Zoom tapped CrowdStrike to help the videoconferencing giant protect its critical cloud and Linux workloads following the rapid transition to working and socializing from home.
The Sunnyvale, Calif.-based endpoint security vendor said Zoom’s Linux environments and AWS and Oracle cloud were growing very rapidly to accommodate the increased demand for the San Jose, Calif.-based company’s SaaS offering, said CrowdStrike President and CEO George Kurtz. But Zoom’s surge in popularity during the COVID-19 crisis also made it a target for bad actors looking to exploit its success.
CrowdStrike’s mature product and proven track record in protecting large-scale Linux deployments for other cloud leaders made it a strategic cybersecurity partner of choice for Zoom, according to Kurtz.
“Our technology superiority in protecting cloud workloads led to one of our marquee customer wins this quarter,” Kurtz told investors during the company’s earnings call Wednesday.
CrowdStrike’s announcement of a partnership with Zoom Video Communications comes three months after The Information reported that Zoom was in “advanced talks” with Google Cloud regarding the use of a Google security service that alerts users to the dangers of clicking on links associated with malicious websites.
Zoom was expected to use the Google service to flag links to websites that scammers send to users through Zoom’s chat function if the two companies reached a deal, the report said. A spokesperson for Zoom declined to comment on The Information report in June.
CrowdStrike’s revenue for the quarter ended July 31 skyrocketed to US$199 million, up 84 percent form US$108.1 million a year earlier. That beat Seeking Alpha’s estimate of US$188.6 million.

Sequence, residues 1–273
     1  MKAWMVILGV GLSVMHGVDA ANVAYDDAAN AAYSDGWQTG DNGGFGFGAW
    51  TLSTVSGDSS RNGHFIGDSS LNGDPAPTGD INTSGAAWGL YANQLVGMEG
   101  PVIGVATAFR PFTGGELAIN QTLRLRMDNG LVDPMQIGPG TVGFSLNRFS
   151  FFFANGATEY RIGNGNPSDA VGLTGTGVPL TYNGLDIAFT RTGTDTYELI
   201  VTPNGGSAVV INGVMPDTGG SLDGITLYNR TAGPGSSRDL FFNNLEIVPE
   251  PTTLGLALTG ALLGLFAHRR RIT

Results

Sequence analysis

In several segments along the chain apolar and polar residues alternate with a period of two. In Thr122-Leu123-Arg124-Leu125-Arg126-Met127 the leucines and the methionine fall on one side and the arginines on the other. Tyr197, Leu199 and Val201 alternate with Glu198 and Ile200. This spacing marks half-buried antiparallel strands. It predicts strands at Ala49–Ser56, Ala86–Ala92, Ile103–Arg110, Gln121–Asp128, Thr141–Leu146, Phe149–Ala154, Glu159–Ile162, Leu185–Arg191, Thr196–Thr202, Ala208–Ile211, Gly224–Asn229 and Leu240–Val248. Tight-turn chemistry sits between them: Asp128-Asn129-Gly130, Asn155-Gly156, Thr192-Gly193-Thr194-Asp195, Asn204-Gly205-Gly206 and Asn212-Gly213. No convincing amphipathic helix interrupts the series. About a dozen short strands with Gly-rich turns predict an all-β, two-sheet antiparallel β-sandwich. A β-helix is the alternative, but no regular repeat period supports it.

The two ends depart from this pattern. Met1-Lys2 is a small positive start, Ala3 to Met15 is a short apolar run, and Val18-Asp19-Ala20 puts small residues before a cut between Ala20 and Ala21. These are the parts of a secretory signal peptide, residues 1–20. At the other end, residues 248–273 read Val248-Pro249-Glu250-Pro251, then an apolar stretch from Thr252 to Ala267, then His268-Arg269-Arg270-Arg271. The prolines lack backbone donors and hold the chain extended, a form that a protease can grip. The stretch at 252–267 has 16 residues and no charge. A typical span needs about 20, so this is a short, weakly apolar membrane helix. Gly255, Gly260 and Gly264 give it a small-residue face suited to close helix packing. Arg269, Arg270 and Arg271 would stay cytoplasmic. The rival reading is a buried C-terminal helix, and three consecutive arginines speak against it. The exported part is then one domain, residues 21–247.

The company’s net loss improved to US$29.9 million, or US$0.14 per diluted share, which is 42.4 percent better than the net loss of US$51.9 million, or US$0.40 per diluted share, last year. On a non-GAAP basis, the company recorded net income of US$7.9 million, or US$0.03 per diluted share, up from a net loss of US$23.1 million, or US$0.18 per diluted share, the year prior. That beat Seeking Alpha’s non-GAAP net loss estimate of US$0.01 per share.
CrowdStrike’s stock fell US$7.77 (5.47 percent) to US$134.30 in after-hours trading. Earnings were announced after the market closed Wednesday.
Subscription revenue for the quarter jumped to US$184.3 million, up 88.8 percent from US$97.6 million a year earlier. And professional services revenue for the quarter soared to US$14.7 million, up 39.7 percent from US$10.5 million last year.
For the quarter ending Oct. 31, CrowdStrike is projecting non-GAAP results between net income of US$0.9 million and net loss of US$2.2 million, or a net loss of US$0.01 to US$0.00 per share, on revenue of between US$210.6 million and US$215 million. Analysts had been projecting a net loss of US$0.05 per share on revenue of US$195.9 million.